Friday, May 4, 2012

Can You Hear That?

This was going to be a post about setting up for a theatre gig but I got a better idea as I was starting out. Originally I was thinking about walking the room and listening for reflections and overlap interactions but my mind strayed to mixing monitors for guitar players. Hit me up if the first one sounded interesting and I'll get after it next week.

I don't know how many times it has happened that I've been sound checking a band, and some kid with a blazing guitar amp does his thing. In a small venue it's often a fight to make the rest of the mix heard over big guitar amps so I'll wind up just pulling the faders all the way down. Then I'll hold him up and ask if he can hear it all right? (smirk) Ninety-nine times out of a hundred the kid will strike another chord and lean in toward the wedge and then shake his head.

It's been years now that I've been on this educational crusade with guitar players. Lower stage volume helps the FOH mixer build a better mix, and keeps bleed to a minimum, ensuring a cleaner, tighter sound. It also reduces what's called beaming in the house, where the people directly in the path of the amp will get an extra dose and those further off to the sides will be lacking that sound. 
But what really amazes me is that time after time the aforementioned guitar player will insist on having his wedge cranked up until his pant legs are flapping. Part of the problem can be that the player's head is just in the wrong spot to hear it. Guys playing combo amps on small stages have this issue, where the sound is literally hitting them in the pant legs and they just can't hear it. But really it's more often a case of not understanding the question. I asked if he could hear his instrument all right, not if it was coming out of the wedge.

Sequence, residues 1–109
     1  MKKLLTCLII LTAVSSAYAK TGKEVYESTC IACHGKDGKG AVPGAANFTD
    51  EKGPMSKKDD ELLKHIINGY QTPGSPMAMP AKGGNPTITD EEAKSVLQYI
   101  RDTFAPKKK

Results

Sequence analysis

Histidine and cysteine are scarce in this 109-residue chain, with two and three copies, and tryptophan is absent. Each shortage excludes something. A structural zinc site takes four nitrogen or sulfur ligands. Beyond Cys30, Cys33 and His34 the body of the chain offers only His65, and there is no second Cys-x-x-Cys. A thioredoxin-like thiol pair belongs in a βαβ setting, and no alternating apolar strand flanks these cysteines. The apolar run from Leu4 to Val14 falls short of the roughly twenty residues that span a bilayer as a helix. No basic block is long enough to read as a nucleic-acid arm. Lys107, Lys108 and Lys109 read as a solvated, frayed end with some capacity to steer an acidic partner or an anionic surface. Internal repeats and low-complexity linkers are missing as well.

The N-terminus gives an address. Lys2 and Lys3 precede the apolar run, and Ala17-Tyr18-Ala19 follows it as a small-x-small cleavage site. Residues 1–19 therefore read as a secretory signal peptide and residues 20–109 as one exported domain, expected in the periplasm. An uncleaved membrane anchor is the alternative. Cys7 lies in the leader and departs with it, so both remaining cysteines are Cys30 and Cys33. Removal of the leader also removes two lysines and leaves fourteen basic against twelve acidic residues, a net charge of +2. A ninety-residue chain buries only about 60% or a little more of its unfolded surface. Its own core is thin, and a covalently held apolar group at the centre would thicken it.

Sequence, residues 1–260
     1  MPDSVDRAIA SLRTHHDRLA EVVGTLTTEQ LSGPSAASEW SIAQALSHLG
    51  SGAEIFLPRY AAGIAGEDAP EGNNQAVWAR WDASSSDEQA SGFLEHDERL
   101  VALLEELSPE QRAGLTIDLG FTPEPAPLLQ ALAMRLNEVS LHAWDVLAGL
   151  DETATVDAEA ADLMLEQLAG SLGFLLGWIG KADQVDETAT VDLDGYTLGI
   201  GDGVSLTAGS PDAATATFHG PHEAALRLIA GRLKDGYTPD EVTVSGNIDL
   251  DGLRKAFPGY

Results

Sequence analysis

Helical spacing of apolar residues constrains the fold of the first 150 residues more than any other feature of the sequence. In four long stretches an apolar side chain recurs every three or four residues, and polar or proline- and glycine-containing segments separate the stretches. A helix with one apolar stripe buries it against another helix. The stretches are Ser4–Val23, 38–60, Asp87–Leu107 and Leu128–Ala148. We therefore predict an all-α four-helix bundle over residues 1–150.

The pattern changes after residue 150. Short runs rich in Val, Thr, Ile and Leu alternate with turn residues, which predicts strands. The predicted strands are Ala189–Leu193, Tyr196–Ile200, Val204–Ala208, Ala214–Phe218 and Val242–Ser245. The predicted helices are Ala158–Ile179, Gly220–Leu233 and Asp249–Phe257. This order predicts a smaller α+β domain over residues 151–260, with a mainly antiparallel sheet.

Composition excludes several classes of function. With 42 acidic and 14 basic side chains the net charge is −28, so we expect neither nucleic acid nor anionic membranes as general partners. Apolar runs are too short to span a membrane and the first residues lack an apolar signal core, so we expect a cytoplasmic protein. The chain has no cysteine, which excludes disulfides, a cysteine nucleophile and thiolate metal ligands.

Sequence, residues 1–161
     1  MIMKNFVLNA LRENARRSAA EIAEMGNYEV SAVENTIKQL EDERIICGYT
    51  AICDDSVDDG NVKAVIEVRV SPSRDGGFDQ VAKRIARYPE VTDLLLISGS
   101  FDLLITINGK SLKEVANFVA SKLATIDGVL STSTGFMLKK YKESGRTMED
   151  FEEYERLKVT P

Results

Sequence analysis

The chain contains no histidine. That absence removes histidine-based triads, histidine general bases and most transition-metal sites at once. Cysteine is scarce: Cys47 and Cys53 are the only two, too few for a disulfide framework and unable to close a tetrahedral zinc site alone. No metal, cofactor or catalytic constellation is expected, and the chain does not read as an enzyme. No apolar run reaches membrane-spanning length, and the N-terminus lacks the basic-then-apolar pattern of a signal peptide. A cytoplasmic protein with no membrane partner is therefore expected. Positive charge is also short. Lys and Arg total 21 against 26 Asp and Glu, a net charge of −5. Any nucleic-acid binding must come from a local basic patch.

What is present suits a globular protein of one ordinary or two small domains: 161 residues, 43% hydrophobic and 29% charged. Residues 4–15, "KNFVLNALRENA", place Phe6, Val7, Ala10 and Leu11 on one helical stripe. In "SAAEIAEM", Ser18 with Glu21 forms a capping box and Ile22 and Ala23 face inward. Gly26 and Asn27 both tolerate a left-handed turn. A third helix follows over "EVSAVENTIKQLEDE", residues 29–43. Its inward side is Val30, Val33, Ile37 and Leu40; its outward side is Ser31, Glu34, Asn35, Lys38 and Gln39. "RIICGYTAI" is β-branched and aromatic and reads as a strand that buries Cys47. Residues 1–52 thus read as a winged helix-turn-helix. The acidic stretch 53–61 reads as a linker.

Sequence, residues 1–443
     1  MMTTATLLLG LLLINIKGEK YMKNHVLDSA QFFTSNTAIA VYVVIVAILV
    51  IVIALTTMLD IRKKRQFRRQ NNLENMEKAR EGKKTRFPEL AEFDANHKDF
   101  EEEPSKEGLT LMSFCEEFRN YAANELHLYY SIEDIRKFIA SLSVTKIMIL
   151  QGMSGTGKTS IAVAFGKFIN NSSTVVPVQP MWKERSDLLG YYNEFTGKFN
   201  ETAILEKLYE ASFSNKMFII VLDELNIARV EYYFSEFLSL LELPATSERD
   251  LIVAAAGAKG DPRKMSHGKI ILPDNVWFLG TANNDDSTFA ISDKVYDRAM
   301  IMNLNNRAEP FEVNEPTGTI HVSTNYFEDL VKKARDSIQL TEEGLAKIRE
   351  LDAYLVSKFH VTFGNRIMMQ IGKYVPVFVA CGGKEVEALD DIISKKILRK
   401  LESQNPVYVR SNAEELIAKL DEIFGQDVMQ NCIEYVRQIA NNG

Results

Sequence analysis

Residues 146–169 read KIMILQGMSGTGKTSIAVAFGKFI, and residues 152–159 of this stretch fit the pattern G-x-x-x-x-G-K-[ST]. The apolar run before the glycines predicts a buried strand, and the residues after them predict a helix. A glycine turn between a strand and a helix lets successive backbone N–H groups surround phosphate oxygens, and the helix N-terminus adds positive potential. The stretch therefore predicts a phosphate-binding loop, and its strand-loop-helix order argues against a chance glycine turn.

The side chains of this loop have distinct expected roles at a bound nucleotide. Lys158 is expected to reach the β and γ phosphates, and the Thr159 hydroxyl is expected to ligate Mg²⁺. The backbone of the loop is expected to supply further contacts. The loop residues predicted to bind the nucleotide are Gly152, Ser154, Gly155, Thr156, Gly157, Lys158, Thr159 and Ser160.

One particularly effective way to fix this problem is to ask the guitar players to set their amps up on the sides of the stage pointing in. This doesn't look like rock n' roll though so you have to be able to get through to them that you do in fact care about their tone, and make the explanation from two paragraphs ago. If you can get them to do it, it's amazing to see the look on their faces. THWAAAAAAANG!!! And all the band members get big eyes and say, "Holy CRAP that's LOUD!"  And usually they turn down immediately, you mic them up and the show sounds great, with a good clean mix out front and the vocals clear and crisp in the monitors because they're not straining to put more guitar on stage.

Guitar players are a difficult breed to deal with. I can say this because I play myself.  Few musicians spend as much time and money developing their tone and many are loath to hand it over to a sound guy. Many have been burnt and have become gun shy. It all comes back to the basic philosophy I state over and over again on these pages.  Start out to have a good relationship with bands you meet. Let them know you're working for them and not just putting your time in. If you can get them to trust you then everyone can have a good show. Dealing with guitar players just takes an extra level of sensitivity. Politics, psychology, bad experiences and misinformation are all stacked against you so it's often a real up hill climb, but one that's worth making.

1 comment:

  1. Right on. If a guy on stage can't hear something in the monitor, you don't have to turn it up to make him hear better. Sometimes just going up to the stage and repositioning the monitor a little bit can make it so that you either don't have to turn it up, or you can turn it up and avoid the same potential for feedback as before you moved the monitor. But then again... It's all psychology. Sometimes (read: frequently) pretending to turn the monitors up does the trick just nicely. I used to feel bad about doing this, but then I realized that my job when mixing monitors isn't to turn volume knobs. It's to make it so the musicians on stage hear a good mix. Don't forget that what they hear has every bit as much to do with what's going on in their brains as what's coming out of the wedges.


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